Former President Luiz Inacio Lula da Silva was officially nominated by his left-wing Workers Party (PT) to run against far-right incumbent President Jair Bolsonaro in Brazil’s most polarised election in decades.
The Thursday vote of party delegates at a hotel in Sao Paulo was widely expected and merely symbolic, with da Silva’s campaign already on the move. The 76-year-old did not attend the party’s convention as he is campaigning in his home state of Pernambuco in Brazil’s impoverished northeast. He was leading all polls against incumbent President Jair Bolsonaro.
This year will mark the sixth presidential bid by da Silva, who Brazilians universally refer to as “Lula“.
A Lula victory in the October 2 poll would represent an astounding comeback by the former union leader. Lula, who led Brazil for two terms from 2003 to 2010, spent 580 days in prison on corruption convictions that were later annulled.
Lula was also confirmed as the Workers’ Party candidate in its 2018 convention, then a corruption and money laundering conviction removed him from the race and paved the way for Bolsonaro’s victory.
As his party launched his ticket, Lula met artists and intellectuals at a rally in a theatre in the city of Recife, where supporters chanted his name.
Campaigning on his achievements in reducing poverty at a time of rapid growth fuelled by a global commodities boom, Lula has blasted Bolsonaro for the return of hunger among Brazil’s poor during an economic slump caused by the COVID-19 pandemic.
“I didn’t need to be president again. I could save my diploma of best president ever and live the last years of my life quietly,” Lula said during a rally. “But I saw this country being destroyed. I saw our education being led by a guy who doesn’t like education. So, I decided to come back.”
The former union leader was released from prison in 2019 and his convictions were quashed last year after the Supreme Court ruled the judge presiding over the case, Sergio Moro, was biased. That enabled Lula’s presidential run this year. Moro, who oversaw the sprawling “Car Wash” corruption probe, later became Bolsonaro’s justice minister. A UN panel found that the probe violated Lula’s right to a fair trial.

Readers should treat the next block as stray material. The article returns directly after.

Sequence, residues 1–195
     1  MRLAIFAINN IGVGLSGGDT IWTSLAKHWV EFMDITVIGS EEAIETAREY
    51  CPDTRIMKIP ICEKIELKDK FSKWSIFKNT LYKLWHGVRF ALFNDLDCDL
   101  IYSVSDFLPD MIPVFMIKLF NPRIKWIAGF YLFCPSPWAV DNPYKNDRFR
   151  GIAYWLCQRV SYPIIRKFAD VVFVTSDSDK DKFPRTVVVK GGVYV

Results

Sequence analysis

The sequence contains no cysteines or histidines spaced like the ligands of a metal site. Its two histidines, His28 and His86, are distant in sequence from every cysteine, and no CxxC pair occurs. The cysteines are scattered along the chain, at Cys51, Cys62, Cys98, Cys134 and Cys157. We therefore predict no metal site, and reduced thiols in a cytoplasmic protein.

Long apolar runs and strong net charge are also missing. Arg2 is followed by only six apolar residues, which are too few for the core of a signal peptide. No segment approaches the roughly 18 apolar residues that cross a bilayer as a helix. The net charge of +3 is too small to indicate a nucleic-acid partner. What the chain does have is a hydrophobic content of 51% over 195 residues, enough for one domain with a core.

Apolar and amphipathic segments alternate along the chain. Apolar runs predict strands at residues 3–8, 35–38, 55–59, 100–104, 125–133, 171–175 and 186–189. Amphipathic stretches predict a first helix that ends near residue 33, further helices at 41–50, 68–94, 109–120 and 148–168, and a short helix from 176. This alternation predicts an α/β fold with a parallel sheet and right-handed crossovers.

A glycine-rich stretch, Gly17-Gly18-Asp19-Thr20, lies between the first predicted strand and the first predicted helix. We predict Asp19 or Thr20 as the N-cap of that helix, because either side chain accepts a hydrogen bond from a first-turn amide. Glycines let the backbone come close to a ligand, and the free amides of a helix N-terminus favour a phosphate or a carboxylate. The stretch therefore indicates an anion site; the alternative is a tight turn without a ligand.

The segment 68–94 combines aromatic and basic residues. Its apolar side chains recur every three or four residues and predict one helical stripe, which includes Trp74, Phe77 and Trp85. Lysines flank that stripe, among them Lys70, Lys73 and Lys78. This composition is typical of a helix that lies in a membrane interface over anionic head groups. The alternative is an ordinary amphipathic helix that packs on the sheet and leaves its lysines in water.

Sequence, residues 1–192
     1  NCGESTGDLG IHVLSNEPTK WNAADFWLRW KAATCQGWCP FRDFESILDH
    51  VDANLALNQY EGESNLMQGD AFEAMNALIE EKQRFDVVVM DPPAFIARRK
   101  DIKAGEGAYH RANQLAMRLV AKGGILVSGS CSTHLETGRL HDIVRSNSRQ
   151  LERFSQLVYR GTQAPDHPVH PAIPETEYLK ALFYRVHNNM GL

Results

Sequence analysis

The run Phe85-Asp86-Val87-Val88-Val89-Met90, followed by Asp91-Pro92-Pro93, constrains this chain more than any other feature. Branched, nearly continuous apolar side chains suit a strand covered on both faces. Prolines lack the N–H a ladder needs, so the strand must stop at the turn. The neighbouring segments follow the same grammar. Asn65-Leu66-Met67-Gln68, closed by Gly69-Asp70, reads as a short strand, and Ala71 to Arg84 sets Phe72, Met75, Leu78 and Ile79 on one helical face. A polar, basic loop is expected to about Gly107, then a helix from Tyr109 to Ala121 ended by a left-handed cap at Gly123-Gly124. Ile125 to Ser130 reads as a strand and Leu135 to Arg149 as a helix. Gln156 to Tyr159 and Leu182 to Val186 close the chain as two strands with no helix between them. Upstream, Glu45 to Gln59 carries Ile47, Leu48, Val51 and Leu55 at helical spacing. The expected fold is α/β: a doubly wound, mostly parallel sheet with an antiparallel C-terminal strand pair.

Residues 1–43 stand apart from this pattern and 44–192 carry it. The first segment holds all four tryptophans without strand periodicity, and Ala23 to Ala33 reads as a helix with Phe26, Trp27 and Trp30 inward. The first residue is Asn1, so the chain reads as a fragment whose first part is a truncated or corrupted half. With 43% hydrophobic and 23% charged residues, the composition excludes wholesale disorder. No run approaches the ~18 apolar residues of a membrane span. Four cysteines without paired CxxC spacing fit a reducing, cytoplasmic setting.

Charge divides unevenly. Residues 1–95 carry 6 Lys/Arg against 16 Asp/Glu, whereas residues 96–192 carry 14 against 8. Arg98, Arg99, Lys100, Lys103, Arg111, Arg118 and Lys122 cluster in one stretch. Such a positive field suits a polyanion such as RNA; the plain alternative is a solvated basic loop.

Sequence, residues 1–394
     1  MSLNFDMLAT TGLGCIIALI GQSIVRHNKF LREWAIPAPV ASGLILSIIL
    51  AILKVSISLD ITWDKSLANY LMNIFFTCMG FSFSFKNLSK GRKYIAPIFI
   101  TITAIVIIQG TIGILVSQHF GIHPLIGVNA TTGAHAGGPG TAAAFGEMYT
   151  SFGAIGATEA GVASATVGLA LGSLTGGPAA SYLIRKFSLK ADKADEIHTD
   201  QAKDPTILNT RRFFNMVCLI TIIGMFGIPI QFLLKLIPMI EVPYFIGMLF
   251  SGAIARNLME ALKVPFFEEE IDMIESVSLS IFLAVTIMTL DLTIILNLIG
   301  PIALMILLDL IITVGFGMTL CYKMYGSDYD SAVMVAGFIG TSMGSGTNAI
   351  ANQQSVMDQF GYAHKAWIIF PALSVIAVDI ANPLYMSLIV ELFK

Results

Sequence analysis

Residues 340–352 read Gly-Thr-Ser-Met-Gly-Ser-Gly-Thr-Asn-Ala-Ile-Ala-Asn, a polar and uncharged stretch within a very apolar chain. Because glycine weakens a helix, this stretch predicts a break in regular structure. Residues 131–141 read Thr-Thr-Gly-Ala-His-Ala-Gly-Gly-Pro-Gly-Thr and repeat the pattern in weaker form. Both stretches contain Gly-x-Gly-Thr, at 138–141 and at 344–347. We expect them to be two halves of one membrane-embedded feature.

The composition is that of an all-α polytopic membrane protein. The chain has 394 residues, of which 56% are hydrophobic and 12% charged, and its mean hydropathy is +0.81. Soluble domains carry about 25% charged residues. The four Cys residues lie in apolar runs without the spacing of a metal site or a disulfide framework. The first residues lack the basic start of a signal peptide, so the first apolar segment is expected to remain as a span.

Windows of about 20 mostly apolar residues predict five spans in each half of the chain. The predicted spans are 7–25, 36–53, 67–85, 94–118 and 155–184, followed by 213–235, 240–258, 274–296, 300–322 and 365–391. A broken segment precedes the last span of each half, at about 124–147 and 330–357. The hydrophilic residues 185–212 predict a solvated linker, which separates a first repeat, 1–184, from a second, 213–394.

To attract moderate voters disappointed with Bolsonaro’s government and soften his left-wing image, Lula has picked as his running mate former Sao Paulo Governor Geraldo Alckmin, a centrist respected by business leaders. Lula has said that Brazil’s businessmen should “pray I return as president”.
Absent were those former PT officials who helped him win his first successful presidential campaign in 2002, such as his former chief of staff Jose Dirceu, and his graft-tainted former finance minister Antonio Palocci. Both men spent time in jail on corruption charges.
Lula has promised he will increase the role of the state in the economy and increase social welfare, while maintaining a free market. Among his main advisers is a young economist, Gabriel Galipolo, former CEO of Banco Fator investment bank and managing partner of Galipolo Consultancy.
In interviews, Lula has hinted that this year’s run will be his last campaign for the highest office and that he would not seek a second term if elected again. He has tried to reach out to moderates as the nation remains fiercely polarised.
Bolsonaro, a far-right politician, has characterised the upcoming race as a battle of good versus evil. Trailing in the polls, he has also presented unsubstantiated claims that Brazil’s electronic voting system is susceptible to fraud, which many analysts have said indicates he is laying the groundwork to reject election results. Bolsonaro’s Liberal Party will hold its convention Sunday to confirm him as its candidate.
Left-wing politician Ciro Gomes made his candidacy official Wednesday. He has been third in opinion polls, but trailing far behind da Silva and Bolsonaro.
Da Silva was backed by 47 percent of likely voters in the October 2 election and Bolsonaro by 28 percent, according to the Datapolha poll from June, which had a margin for error of two percentage points. That puts da Silva within striking distance of an outright victory in the first round, with no runoff needed, though analysts have said they expect the race to tighten in coming months.